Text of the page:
Sen. Patrick Anderson, R-Enid, said Saturday he would oppose a proposed interim legislative study into the medicinal use of marijuana.
“I don’t support legalizing marijuana, and I don’t think the Oklahoma legislature will support it,” Anderson said.
Anderson’s comments were in response to a petition from Sen. Constance Johnson, D-Forest Park, filed with the Senate Health and Human Services Committee for an interim study into legalizing the medicinal use of the drug.
Johnson’s petition is the latest in a long string of attempts to bring the medicinal marijuana issue before the full Senate. Johnson has introduced a medicinal marijuana bill every year since she first was elected in 2005, but has yet to receive a hearing in committee.
Anderson does not expect the latest effort to fare any better.
“I understand it’s an issue that is important to Senator Johnson, and every senator is entitled to ask for an interim study, but I don’t think this will go anywhere,” Anderson said. “I don’t intend to attend any hearings on this, and I think an interim study would be a waste of time.”
That response may not be a surprise to Johnson, who acknowledges she has few open advocates for medicinal marijuana in the conservative Oklahoma Legislature.
But the Oklahoma City-area Democrat said she remains optimistic attitudes toward easing Oklahoma’s tough marijuana laws are shifting, and she said her hopes are buoyed by the possibility of the Republican-controlled Senate approving the interim study.
“The legislative process moves slowly. It’s taken seven years just to get a study, and even that’s not a given,” Johnson said. “I’m an eternal optimist, and I’m optimistic that it will get a hearing one day. Things are changing.
“More and more people are going to speak up and speak out, and that’s how change happens, when it happens at the grassroots level.”
Supporters of the legal use of marijuana for medicinal purposes say it eases the pain of those who suffer from cancer, glaucoma, AIDS, chronic pain and other diseases.
Despite Johnson’s optimism, it’s unlikely the bill will get far in the Oklahoma Legislature, which just last year passed a bill allowing a sentence of up to life in prison for a first-time offender who attempts to convert marijuana to hashish. The state has some of the toughest drug penalties in the country, including mandatory life-without-parole sentences for certain drug traffickers and a required felony charge for second-time drug offenders, even for simple possession of marijuana.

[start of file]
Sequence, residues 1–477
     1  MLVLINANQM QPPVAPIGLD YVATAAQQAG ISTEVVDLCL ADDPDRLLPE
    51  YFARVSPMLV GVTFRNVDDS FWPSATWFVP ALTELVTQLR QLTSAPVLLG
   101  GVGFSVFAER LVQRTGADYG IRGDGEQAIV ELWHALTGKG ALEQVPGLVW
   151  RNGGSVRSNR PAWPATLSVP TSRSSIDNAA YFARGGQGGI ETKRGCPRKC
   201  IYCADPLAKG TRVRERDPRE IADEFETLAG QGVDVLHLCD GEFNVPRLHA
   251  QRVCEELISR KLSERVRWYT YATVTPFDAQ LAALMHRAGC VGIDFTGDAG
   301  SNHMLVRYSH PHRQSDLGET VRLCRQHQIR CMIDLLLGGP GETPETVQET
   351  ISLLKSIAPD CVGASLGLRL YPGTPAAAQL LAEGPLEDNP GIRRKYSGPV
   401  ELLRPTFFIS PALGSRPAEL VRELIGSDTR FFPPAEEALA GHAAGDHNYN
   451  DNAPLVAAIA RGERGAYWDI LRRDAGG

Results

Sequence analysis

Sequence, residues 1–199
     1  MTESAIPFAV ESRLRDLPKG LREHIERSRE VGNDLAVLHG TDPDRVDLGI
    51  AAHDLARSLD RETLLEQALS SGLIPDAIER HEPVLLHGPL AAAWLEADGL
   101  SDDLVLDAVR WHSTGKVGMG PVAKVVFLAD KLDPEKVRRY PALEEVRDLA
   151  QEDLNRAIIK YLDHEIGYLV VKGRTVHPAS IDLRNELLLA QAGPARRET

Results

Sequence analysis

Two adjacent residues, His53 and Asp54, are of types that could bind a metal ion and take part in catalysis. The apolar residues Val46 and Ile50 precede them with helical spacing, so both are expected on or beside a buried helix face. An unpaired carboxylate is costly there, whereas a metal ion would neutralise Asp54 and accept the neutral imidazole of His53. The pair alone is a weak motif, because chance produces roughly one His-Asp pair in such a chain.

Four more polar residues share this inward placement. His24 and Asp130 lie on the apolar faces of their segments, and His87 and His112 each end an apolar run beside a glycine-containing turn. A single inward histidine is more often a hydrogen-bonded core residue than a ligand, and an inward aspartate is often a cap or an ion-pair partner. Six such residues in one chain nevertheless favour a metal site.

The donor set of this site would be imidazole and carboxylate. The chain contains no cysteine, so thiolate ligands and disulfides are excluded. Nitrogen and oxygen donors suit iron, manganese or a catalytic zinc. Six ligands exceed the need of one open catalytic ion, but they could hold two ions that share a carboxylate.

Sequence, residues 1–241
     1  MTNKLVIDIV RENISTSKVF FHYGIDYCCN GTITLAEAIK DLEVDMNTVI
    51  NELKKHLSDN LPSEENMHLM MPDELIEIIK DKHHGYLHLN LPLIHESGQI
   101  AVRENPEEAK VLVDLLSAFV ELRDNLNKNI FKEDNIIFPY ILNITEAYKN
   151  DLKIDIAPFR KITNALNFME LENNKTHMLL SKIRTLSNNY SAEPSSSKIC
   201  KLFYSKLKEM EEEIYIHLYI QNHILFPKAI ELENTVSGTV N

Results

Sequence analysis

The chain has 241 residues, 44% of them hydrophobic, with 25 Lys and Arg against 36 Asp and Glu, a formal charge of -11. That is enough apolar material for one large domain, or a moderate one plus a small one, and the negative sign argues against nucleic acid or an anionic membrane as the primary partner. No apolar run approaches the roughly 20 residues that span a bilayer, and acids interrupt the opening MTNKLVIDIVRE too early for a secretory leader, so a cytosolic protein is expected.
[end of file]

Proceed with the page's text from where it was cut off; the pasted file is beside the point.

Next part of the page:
“With our Legislature, it’s always a race to the draconian finish line,” said Chad Moody, an Oklahoma City defense attorney who specializes in drug cases. “If one lawmaker says we need a $100 fine for jaywalking, the next one says they want the death penalty because they want to be tough on crime.
“I don’t understand why this Republican Legislature doesn’t want liberty across the board.”
Several pro-marijuana advocates planned to meet with Johnson on Saturday to suggest experts to testify at any interim legislative hearing.
Sen. Brian Crain, the chairman of the Senate Health and Human Services Committee, said he is “lukewarm” to the idea of an interim study on medicinal marijuana, but he will decide whether to have a hearing after listening to what Johnson has planned.
“I still have not made a decision,” said Crain, R-Tulsa, a former prosecutor. “I have a lot of questions and not many answers. If she’s got some new information and there’s something that sounds like it merits a discussion, then let’s do it.
“If we’re talking about medical marijuana for recreational use, I’m opposed to that.”
Officials with the Oklahoma Bureau of Narcotics and Dangerous Drugs fiercely oppose any effort to allow medicinal marijuana in Oklahoma, but a spokesman for the law enforcement agency said they welcome the opportunity for an interim study.
“Marijuana is not medicine,” said OBN spokesman Mark Woodward. “We would welcome the opportunity to get to the truth about what’s behind medical marijuana.”
Woodward said he believes those pushing for medicinal marijuana also support the legalization of marijuana, and recreational use becomes more widespread in states that legalize medicinal marijuana.
“It’s not about patients or health care or two joints for a cancer patient,” Woodward said. “We’re talking about 60 pounds of high-grade marijuana going out the back door of these medicinal marijuana stores stuffed into the trunk of a car on its way to the East Coast.”
But Jeff Pickens, a medicinal marijuana advocate, disagrees.
“That’s ridiculous,” said Pickens, the president of the Drug Policy Reform Network of Oklahoma. “Medical marijuana, where it’s available, is provided to anyone with a doctor’s recommendation. That is completely different than legalization.”
“Just because people take advantage of a good service doesn’t mean the service isn’t good. Almost anything that benefits the public, people take advantage of it, but that’s no reason to deny people relief from suffering.”
It’s clear the push for greater use of marijuana is expanding. Eighteen states and the District of Columbia currently have medicinal marijuana laws enacted, according to the National Organization for the Reformation of Marijuana Laws. A push is under way to have a medicinal marijuana state question on the November ballot in neighboring Arkansas, and voters in Washington and Colorado are expected to vote in November on whether to legalize small amounts of marijuana.
Medicinal marijuana advocates say the Arkansas initiative will be a bellwether for Oklahoma, because of the state’s common border and demographic similarities. If advocates there are successful, Pickens said Oklahoma could be next.
“We will move forward with a ballot initiative in Oklahoma, whether the Oklahoma Legislature helps us or not,” Pickens said.
Staff writer James Neal contributed to the Associated Press story.